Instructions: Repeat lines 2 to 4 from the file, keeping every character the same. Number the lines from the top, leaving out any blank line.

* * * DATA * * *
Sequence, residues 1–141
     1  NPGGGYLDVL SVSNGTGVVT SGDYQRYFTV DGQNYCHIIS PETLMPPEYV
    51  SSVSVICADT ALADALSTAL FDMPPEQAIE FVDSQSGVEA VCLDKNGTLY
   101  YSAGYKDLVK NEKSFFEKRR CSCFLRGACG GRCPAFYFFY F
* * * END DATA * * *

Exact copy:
     1  NPGGGYLDVL SVSNGTGVVT SGDYQRYFTV DGQNYCHIIS PETLMPPEYV
    51  SSVSVICADT ALADALSTAL FDMPPEQAIE FVDSQSGVEA VCLDKNGTLY
   101  YSAGYKDLVK NEKSFFEKRR CSCFLRGACG GRCPAFYFFY F